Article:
There’s an old adage in news that warns journalists to report the news, not to become part of it. And for safety’s sake, that holds true particularly when it comes to natural disasters. But when a tornado was spinning near Adairsville, Ga., just 50 miles northwest of Atlanta, a news crew got dangerously close to the rapidly-moving twister that killed at least one.
Ross Cavitt of local news station WSB-2 was on the scene with his camera rolling just as the tornado swept through. In his commentary, he explains that the massive gray funnel cloud is about to cross I-75, the town’s major highway.
The twister touched down in the small town of 4,600 just beyond the Atlanta metropolitan area around 11 a.m. Wednesday. Authorities have started to survey the damage, finding dozens of cars flipped over and many trees toppled.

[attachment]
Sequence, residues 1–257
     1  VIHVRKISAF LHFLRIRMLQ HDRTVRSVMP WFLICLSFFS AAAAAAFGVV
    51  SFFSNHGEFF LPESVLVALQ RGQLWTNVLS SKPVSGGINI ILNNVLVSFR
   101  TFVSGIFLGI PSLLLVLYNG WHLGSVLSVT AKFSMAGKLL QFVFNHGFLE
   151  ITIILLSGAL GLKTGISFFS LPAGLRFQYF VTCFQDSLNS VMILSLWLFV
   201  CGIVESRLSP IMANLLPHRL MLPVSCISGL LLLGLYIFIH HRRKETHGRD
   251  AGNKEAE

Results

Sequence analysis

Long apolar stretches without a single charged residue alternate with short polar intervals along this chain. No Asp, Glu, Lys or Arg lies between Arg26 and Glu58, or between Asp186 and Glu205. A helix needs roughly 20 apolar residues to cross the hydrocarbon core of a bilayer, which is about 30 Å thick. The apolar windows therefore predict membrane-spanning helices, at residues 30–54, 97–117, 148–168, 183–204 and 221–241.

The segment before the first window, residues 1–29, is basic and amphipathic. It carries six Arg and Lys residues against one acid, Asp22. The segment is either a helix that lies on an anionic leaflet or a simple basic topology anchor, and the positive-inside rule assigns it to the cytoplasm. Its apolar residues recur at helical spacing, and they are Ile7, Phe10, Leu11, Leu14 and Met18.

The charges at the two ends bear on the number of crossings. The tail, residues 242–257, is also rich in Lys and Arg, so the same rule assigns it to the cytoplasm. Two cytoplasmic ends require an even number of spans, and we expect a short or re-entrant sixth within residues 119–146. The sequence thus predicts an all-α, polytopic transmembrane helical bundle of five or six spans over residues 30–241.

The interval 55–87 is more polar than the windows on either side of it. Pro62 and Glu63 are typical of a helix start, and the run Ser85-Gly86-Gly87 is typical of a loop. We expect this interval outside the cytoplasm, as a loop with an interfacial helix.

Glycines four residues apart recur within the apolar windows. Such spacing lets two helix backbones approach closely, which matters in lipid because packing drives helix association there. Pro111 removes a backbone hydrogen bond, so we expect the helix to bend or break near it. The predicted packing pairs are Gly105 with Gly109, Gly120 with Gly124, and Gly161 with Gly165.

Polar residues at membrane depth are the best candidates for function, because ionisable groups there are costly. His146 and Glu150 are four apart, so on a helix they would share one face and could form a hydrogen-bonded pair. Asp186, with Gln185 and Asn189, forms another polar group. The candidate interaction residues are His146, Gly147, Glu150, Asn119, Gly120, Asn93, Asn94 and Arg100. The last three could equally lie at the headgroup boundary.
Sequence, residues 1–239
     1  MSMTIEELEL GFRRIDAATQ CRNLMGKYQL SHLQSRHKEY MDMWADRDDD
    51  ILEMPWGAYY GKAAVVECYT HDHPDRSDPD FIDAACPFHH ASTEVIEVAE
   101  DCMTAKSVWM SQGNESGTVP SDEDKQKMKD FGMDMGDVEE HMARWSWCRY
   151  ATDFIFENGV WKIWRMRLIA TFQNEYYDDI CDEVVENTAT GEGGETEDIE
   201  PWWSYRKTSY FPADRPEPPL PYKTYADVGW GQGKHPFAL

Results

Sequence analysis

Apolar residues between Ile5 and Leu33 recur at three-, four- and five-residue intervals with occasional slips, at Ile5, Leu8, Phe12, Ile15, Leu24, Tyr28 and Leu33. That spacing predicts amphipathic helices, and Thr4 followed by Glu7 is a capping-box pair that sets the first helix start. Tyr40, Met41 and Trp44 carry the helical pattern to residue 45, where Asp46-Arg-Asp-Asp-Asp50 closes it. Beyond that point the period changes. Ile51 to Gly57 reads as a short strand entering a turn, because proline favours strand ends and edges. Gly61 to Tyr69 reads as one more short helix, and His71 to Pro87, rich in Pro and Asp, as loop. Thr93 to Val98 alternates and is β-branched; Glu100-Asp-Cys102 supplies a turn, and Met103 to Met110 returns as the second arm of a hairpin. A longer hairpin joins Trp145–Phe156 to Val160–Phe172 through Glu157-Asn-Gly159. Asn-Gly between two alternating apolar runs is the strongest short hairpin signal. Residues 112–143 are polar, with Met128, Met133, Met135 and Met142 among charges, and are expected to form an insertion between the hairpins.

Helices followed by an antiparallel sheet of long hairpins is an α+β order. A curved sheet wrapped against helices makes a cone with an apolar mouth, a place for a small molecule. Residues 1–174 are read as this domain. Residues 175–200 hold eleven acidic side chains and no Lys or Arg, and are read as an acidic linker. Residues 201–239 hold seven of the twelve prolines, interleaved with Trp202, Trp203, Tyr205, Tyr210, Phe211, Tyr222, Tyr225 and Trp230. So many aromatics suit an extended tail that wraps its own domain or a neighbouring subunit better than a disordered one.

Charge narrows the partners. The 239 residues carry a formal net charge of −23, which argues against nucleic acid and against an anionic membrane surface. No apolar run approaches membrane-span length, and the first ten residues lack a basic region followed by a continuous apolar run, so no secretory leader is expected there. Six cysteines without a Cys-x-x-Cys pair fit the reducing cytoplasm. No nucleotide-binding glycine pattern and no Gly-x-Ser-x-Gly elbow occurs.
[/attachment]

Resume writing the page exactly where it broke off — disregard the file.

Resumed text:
Local news reports showed cars littering the highway and scattered across the landscape, apparently unable to avoid the tornado’s devastation. The town is centered around I-75, the crucial artery connecting Georgia’s capital to all points northeast. The twister led to the shuttering of the highway for a few hours as crews worked to clean up downed trees and cars on the roadway. According to the National Weather Service, one person was killed in an Adairsville mobile-home park.
Power lines were down throughout the town, with as many as 6,800 people without power, according to Georgia Power. The Atlanta Journal-Constitution reports a large manufacturing plant in Adairsville was leveled by the tornado. According to the Bartow County Sheriff, a number of “trauma and injury” calls were reported in the aftermath of the tornado.
The major storm is tracking toward the northwest according to weather reports, and Tennessee, Indiana and Kentucky were next in the storm’s path. The National Weather Service in Louisville, Ky. is reporting that twisters have touched down in the area.